He had spent the two weeks prior to this taking care of his young son with no money coming in as the carers allowance he had been claiming was stopped when his wife had left with another man. He had phoned the authorities to say he was no longer able to care for his disabled wife and he was prioritising feeding his son over himself.

There was nothing left on him.  He had not eaten in a very long time. He had been introduced to me by another homeless man we had supported who had lived in the back of a car. This was at the time of a “no second night” policy for providing the homeless with a bed. The outside temperature had reach a bone chilling minus five.  Neither of these men had been born in Britain but both had come to work and support family they already had here. The reason they were there was fear pure and simple. They did not know where to go or how to go about changing things for themselves.

These are not the only people we have helped over the years but their experiences are typical of the people we have supported.  After six years of Conservative rule it is not just young men but there are the disabled, with severe mental or physical health problems and ex-squaddies who are finding themselves in the same situation. They simply cannot find ways of getting the support they need. Filling out forms or knowing who to ask is a nightmare they live with. It drives them onto the streets.  If they are very lucky Kingston Church Housing will take then on, if they can arrange to get the local housing allowance or housing benefit as it used to be called. Then they might get a room with the wonderful Young Man’s Christian Association, or the YMCA, in Surbiton.

But this leaves them in a bind as most wish to work. The trouble is there is only low paid work available to them if they do get a job and then the cost of living at the YMCA increases massively. They lose housing benefit and then their room.

I can say that after a bit of support neither remained outside. One is working and volunteering for the local homeless house where he ended up living. The other has a room and doing everything he can to get permanent employment, proudly telling me he has had two interviews, but could I please help him with his CV.

I feel deep sorrow that after six years there are now more scared people who are still playing hide and seek with the park keepers.  As we move into the end of Autumn and with the government imposing a cap on benefits, the increase in homelessness will only rise, especially since the local housing allowance will not cover the price of renting in Kingston& Surbiton. This is before taking into account the price of a deposit on a rented property, which amounts to three months rent. For a one bed roomed flat the average cost is around £250 a week. Not many will have that sort of money.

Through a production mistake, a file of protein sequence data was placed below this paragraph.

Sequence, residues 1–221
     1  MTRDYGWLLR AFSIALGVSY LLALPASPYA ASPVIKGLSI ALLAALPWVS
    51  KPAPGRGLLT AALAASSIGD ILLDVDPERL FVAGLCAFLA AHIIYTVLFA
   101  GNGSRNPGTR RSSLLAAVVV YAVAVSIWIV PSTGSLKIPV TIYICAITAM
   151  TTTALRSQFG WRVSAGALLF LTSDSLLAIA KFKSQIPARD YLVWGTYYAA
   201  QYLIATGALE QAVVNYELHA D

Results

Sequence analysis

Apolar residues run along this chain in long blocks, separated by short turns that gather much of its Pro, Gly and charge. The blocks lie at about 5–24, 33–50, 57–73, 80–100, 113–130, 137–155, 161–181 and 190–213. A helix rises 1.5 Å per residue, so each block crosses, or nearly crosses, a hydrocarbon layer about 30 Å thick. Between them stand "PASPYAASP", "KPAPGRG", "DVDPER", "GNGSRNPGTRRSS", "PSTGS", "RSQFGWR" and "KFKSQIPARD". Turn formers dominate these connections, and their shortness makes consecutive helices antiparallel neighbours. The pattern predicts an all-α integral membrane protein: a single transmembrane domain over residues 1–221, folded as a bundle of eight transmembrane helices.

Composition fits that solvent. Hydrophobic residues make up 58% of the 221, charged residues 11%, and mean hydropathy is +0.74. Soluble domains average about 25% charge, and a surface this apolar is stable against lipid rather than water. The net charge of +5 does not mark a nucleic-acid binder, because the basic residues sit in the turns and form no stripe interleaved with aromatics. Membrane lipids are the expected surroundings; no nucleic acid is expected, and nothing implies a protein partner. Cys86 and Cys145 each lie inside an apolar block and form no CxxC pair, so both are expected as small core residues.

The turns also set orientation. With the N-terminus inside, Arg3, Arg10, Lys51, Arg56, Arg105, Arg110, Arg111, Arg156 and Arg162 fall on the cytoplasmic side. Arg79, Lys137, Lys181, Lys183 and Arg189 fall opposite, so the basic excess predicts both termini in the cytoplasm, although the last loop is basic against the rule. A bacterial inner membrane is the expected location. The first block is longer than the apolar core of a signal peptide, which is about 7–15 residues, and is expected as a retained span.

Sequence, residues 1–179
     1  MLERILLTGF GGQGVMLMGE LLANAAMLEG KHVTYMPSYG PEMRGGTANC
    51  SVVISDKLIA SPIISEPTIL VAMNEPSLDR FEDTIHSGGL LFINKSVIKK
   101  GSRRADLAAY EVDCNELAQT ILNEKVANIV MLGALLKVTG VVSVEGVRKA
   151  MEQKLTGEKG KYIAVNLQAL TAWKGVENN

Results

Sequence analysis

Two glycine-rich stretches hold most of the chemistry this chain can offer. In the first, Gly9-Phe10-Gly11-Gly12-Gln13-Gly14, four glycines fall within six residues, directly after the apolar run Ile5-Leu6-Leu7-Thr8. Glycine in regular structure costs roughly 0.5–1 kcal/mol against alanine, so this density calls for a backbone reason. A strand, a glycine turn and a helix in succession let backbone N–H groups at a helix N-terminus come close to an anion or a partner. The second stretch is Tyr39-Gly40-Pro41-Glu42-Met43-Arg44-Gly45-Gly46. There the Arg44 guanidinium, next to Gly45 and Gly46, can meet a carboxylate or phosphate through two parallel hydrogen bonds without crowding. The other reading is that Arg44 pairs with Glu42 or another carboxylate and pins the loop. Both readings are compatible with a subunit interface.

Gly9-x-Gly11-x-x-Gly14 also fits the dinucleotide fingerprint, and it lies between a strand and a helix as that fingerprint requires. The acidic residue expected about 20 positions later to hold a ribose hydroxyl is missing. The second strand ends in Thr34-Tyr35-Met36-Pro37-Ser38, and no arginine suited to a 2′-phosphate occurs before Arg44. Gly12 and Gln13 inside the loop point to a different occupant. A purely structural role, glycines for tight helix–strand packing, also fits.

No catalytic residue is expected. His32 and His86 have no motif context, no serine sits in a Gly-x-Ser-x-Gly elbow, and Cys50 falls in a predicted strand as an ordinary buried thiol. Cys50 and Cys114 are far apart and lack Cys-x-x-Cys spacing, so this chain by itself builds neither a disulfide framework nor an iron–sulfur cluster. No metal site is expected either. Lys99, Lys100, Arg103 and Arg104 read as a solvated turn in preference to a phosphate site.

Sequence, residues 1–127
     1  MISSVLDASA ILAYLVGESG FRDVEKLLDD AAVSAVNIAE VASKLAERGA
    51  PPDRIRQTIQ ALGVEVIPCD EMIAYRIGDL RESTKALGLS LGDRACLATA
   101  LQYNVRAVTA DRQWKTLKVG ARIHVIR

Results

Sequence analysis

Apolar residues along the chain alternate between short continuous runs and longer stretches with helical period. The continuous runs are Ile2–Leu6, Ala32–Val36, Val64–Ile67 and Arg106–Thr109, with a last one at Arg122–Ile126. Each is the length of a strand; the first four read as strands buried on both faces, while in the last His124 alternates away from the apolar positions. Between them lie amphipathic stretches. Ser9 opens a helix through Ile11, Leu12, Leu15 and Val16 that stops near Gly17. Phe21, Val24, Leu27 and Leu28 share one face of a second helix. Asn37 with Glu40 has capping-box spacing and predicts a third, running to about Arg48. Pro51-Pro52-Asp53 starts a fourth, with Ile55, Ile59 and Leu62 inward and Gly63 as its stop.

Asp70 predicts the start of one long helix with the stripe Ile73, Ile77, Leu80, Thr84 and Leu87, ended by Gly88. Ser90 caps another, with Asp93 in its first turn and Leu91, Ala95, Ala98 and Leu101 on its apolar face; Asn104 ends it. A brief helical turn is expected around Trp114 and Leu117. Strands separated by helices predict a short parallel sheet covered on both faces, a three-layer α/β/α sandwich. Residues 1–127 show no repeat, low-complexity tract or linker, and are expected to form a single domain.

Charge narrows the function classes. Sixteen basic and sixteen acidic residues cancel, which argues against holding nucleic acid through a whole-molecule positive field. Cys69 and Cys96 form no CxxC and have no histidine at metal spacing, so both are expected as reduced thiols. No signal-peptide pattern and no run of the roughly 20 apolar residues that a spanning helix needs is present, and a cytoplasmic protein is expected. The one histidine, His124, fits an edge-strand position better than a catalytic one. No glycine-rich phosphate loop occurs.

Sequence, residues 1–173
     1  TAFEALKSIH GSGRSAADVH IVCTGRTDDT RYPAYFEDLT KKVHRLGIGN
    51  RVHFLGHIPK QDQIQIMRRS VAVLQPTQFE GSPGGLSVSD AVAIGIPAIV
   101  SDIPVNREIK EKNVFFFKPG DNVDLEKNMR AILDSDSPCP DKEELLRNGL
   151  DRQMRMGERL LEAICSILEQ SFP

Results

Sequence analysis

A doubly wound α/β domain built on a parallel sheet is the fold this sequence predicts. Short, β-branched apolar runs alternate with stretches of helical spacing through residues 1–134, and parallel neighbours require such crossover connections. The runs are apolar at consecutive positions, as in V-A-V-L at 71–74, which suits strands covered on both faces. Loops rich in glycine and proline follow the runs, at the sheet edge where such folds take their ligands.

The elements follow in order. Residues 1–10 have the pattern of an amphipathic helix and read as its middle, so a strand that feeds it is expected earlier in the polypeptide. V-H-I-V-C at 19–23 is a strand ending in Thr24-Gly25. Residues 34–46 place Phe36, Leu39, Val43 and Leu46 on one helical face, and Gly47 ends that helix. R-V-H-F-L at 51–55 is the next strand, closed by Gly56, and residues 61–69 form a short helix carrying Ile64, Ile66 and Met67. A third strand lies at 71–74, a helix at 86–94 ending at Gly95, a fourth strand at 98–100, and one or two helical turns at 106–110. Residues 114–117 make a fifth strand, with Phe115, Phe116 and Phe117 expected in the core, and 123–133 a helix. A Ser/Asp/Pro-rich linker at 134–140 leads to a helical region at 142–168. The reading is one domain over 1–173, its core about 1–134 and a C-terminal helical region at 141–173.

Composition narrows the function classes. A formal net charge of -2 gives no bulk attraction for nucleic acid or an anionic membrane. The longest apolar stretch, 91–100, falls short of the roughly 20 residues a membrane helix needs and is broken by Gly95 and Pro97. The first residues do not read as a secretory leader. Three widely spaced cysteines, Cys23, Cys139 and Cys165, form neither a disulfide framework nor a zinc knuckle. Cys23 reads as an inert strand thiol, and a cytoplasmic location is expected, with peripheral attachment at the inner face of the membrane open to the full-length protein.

I feel that now many pensioners living in council and social housing are on such tight incomes, the imposition of the “bedroom tax” will be the next cause of homelessness and this will be amongst grand-parents. Basically, if you have what is deemed to be a spare room, your benefits will be reduced to try and make you find a smaller home.

You only have to go through Kingston in the early hours, as I often do, to see the regulars: men, women and young people huddled in doorways wrapped against the cold. Today all you need to do is Walk down Surbiton high street and you will find two or three beggars. Walk around the parks or take a bus ride to see people in the bus shelters with everything they own in holdalls at their feet.

Sarah-Jane Brownlie

The Kingston and Surbiton Labour Party will be campaigning on Housing throughout the borough including a lobby outside of the tenants meeting at Piper Hall, Piper Road, Kingston, KT1 3EX at 19.00 on Tuesday the 29th November.

Everyone is welcome to join the Kingston and Surbiton CLP's campaign on Housing.

Rise in homelessness in Kingston

Housing and homelessness is a key issue in Kingston. Labour members have been out talking to people in Cambridge Road Estate, listening to the worries and concerns about the proposed...

The Housing and Planning Act received Royal Assent and came into law back in May. It was presented by the Government as legislation intended to “make provision about housing, estate agents, rent charges, planning and compulsory purchase” but other clauses within it have sparked widespread controversy and criticism...

Under the Act, most new local authority tenancies will be on a fixed-term basis – from two to 10 years – a regulation that will also apply to many ‘succession’ tenancies as well. The bill also outlined a policy known as ‘pay-to-stay’ a clause that would significantly increase household costs for many tenants.

‘Pay-to-stay’, as it had been dubbed by campaigners, would have obliged local authority tenants with a household income above £40,000 within London (£30,000 outside) to pay an extra 15p for each pound over that benchmark.